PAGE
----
Identifying Primary Contributors to Increasing Associated Gas Production in the Permian Basin.

The US Energy Information Agency (EIA) published an article in late 2023 exploring a trend of rising gas/oil ratio (GOR) across the three primary Permian Basin plays (Wolfcamp, Bone Spring, and Spraberry). They noted in the article that associated natural gas production from oil wells has been steadily rising since 2013 and that the average GOR has tripled in the last 3 years. This increased gas production coincides with the unfortunate timing of historically low gas prices, which has resulted in a significant uptick in natural gas flaring permits filed with the Texas Railroad Commission (RRC), and a more recent analysis predicts that increased associated gas could even be depressing drilling activity. Using TGS Well Data Analytics, we’ve validated this increase in associated natural gas production, and investigated further to identify the primary contributing factors driving this trend in the Permian Basin, using both the reported producing formation as well as the TGS Interpreted Landing Zones.

  • Overall Permian GOR has been relatively stable at ~2,800 CF/BBL throughout most of the 2000’s before jumping sharply up to ~3,600 CF/BBL starting in 2020 (Figure 1a)
  • The Spraberry Reported Producing Formation has continuously accounted for the highest volumes of associated gas produced (Figure 1d)
  • The Bone Spring Reported Producing Formation has the highest GOR per well, followed closely by the Spraberry (Figure 2a)
  • The Spraberry Reported Producing Formation has seen the largest increase in GOR since 2020 (Figure 2b)
  • The Top Bone Spring/ClearFork TGS Interpreted Landing Zone produces the highest GOR per well, followed by Midland Wolfcamp B and Midland Wolfcamp C. Meanwhile, the 3rd Bone Spring Sand,
  • Lower Spraberry, Lower Spraberry Shale, and Wolfcamp Shale consistently produce with the lowest GOR (Figure 2c).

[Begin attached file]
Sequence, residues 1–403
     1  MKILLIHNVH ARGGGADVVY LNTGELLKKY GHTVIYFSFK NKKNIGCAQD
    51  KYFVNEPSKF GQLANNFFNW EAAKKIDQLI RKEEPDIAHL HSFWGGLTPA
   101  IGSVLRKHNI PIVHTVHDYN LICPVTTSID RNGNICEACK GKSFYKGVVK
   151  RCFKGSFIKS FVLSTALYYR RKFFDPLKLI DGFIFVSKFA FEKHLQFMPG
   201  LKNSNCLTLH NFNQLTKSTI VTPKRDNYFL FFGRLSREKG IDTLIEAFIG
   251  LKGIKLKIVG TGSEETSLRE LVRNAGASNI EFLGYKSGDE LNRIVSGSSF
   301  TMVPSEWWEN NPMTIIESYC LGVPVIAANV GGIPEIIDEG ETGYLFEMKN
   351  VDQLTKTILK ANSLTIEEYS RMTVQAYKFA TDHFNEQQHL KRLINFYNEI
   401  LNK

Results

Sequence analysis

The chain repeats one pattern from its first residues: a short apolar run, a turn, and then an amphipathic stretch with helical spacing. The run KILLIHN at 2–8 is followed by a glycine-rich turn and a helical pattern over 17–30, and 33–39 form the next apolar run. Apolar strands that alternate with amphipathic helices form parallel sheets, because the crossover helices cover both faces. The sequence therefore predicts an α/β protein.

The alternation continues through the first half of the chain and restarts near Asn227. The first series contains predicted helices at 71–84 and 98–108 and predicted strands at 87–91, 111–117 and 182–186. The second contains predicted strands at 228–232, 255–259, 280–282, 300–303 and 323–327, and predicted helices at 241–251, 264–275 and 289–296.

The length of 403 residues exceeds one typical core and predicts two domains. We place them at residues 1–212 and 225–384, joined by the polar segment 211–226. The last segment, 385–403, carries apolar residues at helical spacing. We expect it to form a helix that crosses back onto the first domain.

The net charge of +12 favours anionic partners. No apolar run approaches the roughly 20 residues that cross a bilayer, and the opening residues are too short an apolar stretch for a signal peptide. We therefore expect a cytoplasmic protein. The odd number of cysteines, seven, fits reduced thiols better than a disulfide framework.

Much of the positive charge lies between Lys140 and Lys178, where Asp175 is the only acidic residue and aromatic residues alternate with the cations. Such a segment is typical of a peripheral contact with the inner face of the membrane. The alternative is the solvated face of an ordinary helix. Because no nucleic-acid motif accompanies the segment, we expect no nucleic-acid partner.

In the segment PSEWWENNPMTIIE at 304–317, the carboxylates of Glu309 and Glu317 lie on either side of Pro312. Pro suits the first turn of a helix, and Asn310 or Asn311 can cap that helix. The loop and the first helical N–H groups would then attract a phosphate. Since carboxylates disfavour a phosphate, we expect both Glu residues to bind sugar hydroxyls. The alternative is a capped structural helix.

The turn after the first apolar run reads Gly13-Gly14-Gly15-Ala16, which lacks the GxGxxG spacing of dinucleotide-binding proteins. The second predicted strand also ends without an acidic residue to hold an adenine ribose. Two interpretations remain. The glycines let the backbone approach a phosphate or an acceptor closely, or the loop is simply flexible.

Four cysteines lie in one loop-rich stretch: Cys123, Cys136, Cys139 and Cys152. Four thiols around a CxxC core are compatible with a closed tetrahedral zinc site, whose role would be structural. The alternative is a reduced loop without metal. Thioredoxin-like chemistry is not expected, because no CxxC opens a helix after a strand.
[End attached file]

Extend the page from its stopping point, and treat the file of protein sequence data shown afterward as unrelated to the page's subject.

• The First Bone Spring/ClearFork TGS Landing Zone shows the largest increase in GOR since 2020 (Figure 2d)
  • Wells producing on the flanks of the basin (western Delaware Basin and Southeastern Midland Basin) tend to have higher cumulative GOR (Figure 3)

Using Well Data Analytics, we confirmed the recent increase in GOR and associated gas production across the major Permian Basin plays, but by exploring deeper and aggregating production by TGS Landing Zones, we determined that higher associated gas production is not uniform across all distinct landing zones. Operators looking to decrease associated gas production can target Lower Spraberry, Wolfcamp Shale, and other lower-GOR landing zones.

Figure 1-2
Figure 1: (a) Monthly GOR across all Permian Plays, (b) Cumulative well GOR by completion date, (c) Monthly Associated Gas Production by TGS Landing Zone, (d) Monthly Associated Gas by Reported Producing Formation


Figure 2_v2
Figure 2: (a) GOR Type Curve by Reported Producing Formation, (b) Monthly GOR by Reported Producing Formation, (c) GOR Type Curve by TGS Landing Zone, (d) Monthly GOR by TGS Landing Zone


Figure 3
Figure 3: Permian wells producing from Wolfcamp, Bone Spring, or Spraberry, colored by cumulative GOR


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